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Just be glad you’re not dealing with this.
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Old 08-11-2019, 07:11 AM
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Thanks for all the advice! The shotgun idea was just my anger at them and a desire to get even. Last night temperatures dropped to the 50s, so after returning from Devout Brewing I sprayed the nest again. This morning there are dozens of dead hornets on the ground, but no activity yet.

Going out for an early chilly horseback ride, then I'll see what's up after it warms up today. My plan right now is to spray nightly. Fire isn't an option due to proximity to the house. A neighbor told me he paid an exterminator who, at night and in a bee suit, put a heavy plastic bag over his nest. Once he had them bagged, spraying poison in and waiting worked.
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Old 08-11-2019, 07:18 AM
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Skunks are great.
It's always awesome when mammals, who might not normally be pals, team up to defeat a team from an entirely different class.
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Old 08-11-2019, 07:51 AM
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It's always awesome when mammals, who might not normally be pals, team up to defeat a team from an entirely different class.
The enemy of my enemy is my friend.
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Old 08-11-2019, 10:07 AM
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I had a beautiful solution but it won't help you. There was a yellow jacket nest in a small hole in the stucco on my house. I got some quick setting cement and filled the hole. I held the trowel over the hole until it set. Five minutes later, problem solved. Fixed the hole too.
For the love of God, Hari Seldon
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Old 08-11-2019, 10:33 AM
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If the tree isn't extremely dry and it's away from building, fire works. We got rid of a hornet's nest in the overhang of my cousins pole barn that way. Propane torch on an extension pole. Torch the entry first to keep them from swarming out, then let the fire do its thing.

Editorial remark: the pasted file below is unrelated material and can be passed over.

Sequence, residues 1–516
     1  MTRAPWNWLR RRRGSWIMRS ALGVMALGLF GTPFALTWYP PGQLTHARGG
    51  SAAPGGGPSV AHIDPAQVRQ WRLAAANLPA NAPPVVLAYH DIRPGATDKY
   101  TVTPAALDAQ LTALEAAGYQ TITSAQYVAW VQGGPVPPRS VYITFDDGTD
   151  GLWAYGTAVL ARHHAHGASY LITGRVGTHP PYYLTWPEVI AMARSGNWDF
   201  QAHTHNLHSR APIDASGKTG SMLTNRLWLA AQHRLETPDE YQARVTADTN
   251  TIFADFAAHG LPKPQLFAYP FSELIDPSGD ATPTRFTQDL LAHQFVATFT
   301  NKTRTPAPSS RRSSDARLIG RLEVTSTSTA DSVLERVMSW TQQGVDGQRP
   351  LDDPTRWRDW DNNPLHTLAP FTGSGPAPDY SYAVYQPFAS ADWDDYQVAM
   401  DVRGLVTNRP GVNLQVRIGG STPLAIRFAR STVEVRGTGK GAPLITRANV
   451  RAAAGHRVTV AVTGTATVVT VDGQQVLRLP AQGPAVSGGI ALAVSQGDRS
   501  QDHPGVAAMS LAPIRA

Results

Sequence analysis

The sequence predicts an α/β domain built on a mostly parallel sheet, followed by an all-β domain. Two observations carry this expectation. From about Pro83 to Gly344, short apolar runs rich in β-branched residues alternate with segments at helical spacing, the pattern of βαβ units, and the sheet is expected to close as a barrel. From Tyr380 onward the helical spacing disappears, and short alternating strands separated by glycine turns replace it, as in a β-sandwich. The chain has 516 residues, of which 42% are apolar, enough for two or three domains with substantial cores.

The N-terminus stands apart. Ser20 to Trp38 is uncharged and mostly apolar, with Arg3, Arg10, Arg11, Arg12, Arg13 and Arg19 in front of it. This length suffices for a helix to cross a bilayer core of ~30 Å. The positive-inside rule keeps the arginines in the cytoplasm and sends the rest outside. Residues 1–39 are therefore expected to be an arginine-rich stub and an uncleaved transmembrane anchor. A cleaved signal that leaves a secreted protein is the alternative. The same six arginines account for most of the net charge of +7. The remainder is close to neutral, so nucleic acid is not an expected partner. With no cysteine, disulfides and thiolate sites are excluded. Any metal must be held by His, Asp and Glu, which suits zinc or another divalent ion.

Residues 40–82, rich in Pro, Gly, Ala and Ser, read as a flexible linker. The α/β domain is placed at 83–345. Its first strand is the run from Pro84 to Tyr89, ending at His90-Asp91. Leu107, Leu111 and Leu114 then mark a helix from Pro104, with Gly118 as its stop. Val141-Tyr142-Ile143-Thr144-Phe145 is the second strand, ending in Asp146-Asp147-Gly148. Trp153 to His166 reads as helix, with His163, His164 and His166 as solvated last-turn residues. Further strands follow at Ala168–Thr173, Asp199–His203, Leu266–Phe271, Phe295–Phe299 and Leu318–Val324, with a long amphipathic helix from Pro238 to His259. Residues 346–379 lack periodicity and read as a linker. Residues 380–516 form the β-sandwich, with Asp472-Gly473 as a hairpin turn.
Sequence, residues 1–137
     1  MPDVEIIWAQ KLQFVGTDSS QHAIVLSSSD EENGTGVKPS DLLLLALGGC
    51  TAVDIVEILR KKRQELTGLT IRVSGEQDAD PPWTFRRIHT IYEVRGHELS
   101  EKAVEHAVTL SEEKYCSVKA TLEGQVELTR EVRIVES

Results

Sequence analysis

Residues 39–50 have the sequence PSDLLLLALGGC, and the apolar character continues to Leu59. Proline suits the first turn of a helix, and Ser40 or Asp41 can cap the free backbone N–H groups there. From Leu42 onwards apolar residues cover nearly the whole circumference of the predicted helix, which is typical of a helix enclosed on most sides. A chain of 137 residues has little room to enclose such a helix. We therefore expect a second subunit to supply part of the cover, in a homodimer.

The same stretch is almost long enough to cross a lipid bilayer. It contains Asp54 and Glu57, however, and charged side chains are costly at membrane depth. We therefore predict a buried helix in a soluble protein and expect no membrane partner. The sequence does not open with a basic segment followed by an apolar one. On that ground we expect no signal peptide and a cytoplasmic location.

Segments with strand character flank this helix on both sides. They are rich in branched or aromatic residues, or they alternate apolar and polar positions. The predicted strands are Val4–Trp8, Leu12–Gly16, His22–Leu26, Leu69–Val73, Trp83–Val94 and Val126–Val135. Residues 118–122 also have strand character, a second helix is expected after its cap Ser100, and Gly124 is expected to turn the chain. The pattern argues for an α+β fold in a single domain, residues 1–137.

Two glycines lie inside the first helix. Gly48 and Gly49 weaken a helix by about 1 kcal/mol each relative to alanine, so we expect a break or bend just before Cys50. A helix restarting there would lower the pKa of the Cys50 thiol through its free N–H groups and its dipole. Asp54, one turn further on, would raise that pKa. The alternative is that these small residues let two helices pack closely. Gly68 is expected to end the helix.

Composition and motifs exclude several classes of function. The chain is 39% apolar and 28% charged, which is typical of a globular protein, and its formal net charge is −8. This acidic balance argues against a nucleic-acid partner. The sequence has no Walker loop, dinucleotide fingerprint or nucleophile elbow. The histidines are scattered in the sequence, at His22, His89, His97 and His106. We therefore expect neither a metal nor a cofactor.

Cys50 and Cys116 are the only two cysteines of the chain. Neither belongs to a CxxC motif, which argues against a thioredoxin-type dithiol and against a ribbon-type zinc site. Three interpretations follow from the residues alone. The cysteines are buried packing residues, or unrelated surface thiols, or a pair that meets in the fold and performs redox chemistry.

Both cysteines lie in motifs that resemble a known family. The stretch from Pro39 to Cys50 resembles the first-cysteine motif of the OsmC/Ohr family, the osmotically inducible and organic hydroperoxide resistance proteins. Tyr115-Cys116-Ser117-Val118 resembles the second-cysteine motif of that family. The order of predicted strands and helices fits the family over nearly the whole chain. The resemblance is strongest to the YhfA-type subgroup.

My daughter is a firefighter. A couple of years ago they were called to a raging house fire. The owner decided to make a torch out of gasoline-soaked rags affixed to a pole, climb a ladder, and ignite the torch to burn out the several hornet nests.

The house was a total loss. But - it worked! There wasn't a hornet to be found after the fire was extinguished.
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Old 08-11-2019, 10:37 AM
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Drench the nest, and if possible knock it off, with a strong spray of water from a garden hose. Stand as far back as you can while still aiming; but IME they won't connect a person standing some distance off with a sudden flood. Probably not a technique to be used by the allergic, just in case.

Repeat daily until they give up and relocate elsewhere. Shouldn't take more than a few days.


No poisons necessary; though it may be helpful to hit the attachment point with some WD40 or similar after they've given up, to discourage another nest being started there in the future.


-- in sufficiently cold weather, nests can be relocated by hand without danger, though I wouldn't hold the nest directly; use some sort of grabber. Weather needs to be below or close to freezing temps to be safe, though; 50's F will slow them down, but it won't stop them entirely.
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Old 08-11-2019, 10:53 AM
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The enemy of my enemy is my friend.
Maxim 29: The enemy of my enemy is my enemy's enemy. No more. No less.
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Old 08-11-2019, 11:21 AM
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For the love of God, Hari Seldon